Very Important learn how to steer your sailboat if your rudder breaks.
Steering with just sails, with a bucket being dragged behind in the water and with an emergency rudder.
6. Pick a sailing route that will not be against the prevailing winds and is not in a major shipping lane.

check out this thread
https://www.cruisersforum.com/forums...aii-20588.html
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Old 09-11-2023, 13:01   #4
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Re: Seeking Advice for Sailing Journey - Sydney to Los Angeles

#1) Predominant wind is on the nose, expect to be seasick at least part of the time and carry more than enough of whatever you use against it. Our preferred one is Stugeron. You will have to source that out of England or Canada.

2) Avoid the hurricane/cyclone seasons.

3) Take enough food for half again as long as you plan to be at sea.

4) Be aware it is possible for a whole lot to go crosswise very fast, and that if both you and your crew are inexperienced, authority and experience when things go difficult will be lacking, unless you take a more experienced crew as skipper. It is a long voyage, and really, it helps to have a knowledgeable skipper. Three is an awkward number, though if anyone is immature, because two will gang up against one. Even a 56 ft. boat is a small place for 3--of course there are smaller--and it is a long journey. [We meta couple with 2 children in Bora Bora who had sailed their 45 footer out from Brisbane, it was a very long trip for them but they had a good time, and the parents were kind of starved for adult company.]

We had some acquaintances on an 86 footer, highly experienced skipper and first mate and one crew, who took the Fiji-HI route, and complained about how wet it was on the wind at 11 knots. They were not sissies, but even that giant, beautiful boat, was wet in those conditions.

5. I agree you need backup electronics and paper charts. Keep the paper dry, because if you need it, you need it dry. Practice reading charts, learn what to avoid. Like seamounts, and near shore, rocks and wrecks, but really, what the shown contours will look like to your eye.

6. Go out in some boisterous weather, and experience sailing in 20-30 kn. on the nose, that is what the SE trades will give you some of the time, but also experience all points of sail, in those conditions, and try out the sail combinations that work best for them.

7. Good luck with it, good luck always helps, and respect the sea. I don't know where you are on the learning curve, forgive me if this is all too basic, but when I read "inexperienced", it is a big warning to me, and I don't know if it means you've done one daysail on a crewed charter or a sailing school jaunt to Lord Howe or what...

Ann
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Old 09-11-2023, 14:23   #5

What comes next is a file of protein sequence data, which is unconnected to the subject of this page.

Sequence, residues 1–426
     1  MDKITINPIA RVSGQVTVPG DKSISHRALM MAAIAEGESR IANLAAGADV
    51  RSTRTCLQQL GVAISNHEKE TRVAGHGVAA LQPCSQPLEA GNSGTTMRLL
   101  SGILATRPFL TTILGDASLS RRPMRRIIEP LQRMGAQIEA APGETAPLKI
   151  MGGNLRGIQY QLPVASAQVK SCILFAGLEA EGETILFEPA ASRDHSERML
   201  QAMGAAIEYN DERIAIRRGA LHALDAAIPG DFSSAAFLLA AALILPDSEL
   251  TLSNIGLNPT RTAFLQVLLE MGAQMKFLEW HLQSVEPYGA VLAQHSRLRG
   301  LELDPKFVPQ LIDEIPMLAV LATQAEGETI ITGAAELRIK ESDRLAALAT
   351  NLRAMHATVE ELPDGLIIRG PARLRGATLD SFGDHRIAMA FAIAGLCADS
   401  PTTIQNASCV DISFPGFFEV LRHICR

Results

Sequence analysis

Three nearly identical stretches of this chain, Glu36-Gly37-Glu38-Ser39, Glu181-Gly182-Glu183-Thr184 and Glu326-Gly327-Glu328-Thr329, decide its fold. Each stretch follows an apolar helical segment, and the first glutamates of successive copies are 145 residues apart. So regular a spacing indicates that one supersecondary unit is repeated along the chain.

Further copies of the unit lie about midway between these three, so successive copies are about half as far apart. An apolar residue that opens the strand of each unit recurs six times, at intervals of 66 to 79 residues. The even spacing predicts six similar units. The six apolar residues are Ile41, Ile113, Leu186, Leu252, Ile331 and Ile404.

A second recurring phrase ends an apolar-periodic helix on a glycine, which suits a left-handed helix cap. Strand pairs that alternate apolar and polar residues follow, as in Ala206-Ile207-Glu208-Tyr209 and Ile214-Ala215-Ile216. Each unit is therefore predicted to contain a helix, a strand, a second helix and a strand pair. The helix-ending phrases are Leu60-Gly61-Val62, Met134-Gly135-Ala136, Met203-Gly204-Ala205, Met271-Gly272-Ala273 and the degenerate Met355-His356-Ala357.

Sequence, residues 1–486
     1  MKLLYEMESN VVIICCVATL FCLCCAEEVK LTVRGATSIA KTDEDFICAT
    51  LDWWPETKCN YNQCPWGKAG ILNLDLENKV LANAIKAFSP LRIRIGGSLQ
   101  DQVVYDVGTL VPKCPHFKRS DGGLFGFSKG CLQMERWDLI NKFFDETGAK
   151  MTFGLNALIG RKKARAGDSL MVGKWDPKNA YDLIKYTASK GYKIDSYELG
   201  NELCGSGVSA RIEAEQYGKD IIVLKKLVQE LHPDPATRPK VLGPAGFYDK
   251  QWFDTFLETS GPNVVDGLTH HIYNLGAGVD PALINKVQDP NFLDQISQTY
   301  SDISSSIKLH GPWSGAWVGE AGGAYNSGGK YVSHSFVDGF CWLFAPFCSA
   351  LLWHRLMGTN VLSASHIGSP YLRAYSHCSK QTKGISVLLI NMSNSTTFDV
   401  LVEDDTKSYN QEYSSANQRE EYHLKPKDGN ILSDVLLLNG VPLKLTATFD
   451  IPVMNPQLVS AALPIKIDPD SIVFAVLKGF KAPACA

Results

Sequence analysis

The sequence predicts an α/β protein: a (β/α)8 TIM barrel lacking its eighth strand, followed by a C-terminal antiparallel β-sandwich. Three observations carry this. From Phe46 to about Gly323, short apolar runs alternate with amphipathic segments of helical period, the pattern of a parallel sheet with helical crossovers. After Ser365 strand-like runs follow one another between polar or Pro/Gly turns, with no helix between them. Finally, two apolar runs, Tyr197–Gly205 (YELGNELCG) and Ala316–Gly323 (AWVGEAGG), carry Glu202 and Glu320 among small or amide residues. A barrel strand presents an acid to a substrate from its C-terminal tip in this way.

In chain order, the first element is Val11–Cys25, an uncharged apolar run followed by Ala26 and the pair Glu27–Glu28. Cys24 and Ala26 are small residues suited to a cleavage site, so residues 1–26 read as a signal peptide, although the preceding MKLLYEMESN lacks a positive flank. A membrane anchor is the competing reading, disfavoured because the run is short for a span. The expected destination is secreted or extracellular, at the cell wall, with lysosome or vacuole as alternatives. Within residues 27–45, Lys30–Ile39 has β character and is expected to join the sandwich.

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Re: Seeking Advice for Sailing Journey - Sydney to Los Angeles

I have done New Zealand (Whangarei) to Canada west coast (Vancouver Island). I had a lot of ocean sailing experience before doing this, a circumnavigation and then some.

Sailed to Rapa Iti in the Austral Islands as first leg, then to Hawaii and then on to British Columbia. I chose this route because it was the least amount of beating to weather. Both Rapa Iti and Hawaii were one tack routes.

Rapa Iti and Hawaii were both hard on the wind but we made good time. Double reefed main all the way. Rapa Iti to Hawaii takes you very close to Tahiti. Hawaii to BC was the slowest passage I had ever done - 21 days.

I agree that a 56 footer is a lot of boat for two people. Having said the I did this with two people on a 44 footer. I had just completed a major refit in New Zealand and was very confident in the boat. For a 56 footer four people would be better. Undertaking a voyage like this is serious business in a very isolated part of the world. There is not much help around. From one day out of New Zealand all the way to Hawaii we did not see another ship or boat. Rapa Iti is a very isolated place with no provisions, repair facilities or supplies available.

This is a voyage for the experienced, not beginners. Besides seamanship and watch keeping, boat maintenance skills are essential. We had zero problems which I credit to the comprehensive refit. Unless you know every system on your boat thoroughly and are very confident that everything works reliably don't do it.
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Old 09-11-2023, 23:52   #6
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Re: Seeking Advice for Sailing Journey - Sydney to Los Angeles

Get trained.
Minimum RYA Yachtmaster - preferably RYA Ocean.
Good schools in Sydney, Melbourne and QLD.

This will ensure that you get both the theory and practical.
Then reinforce the practical until it becomes second nature.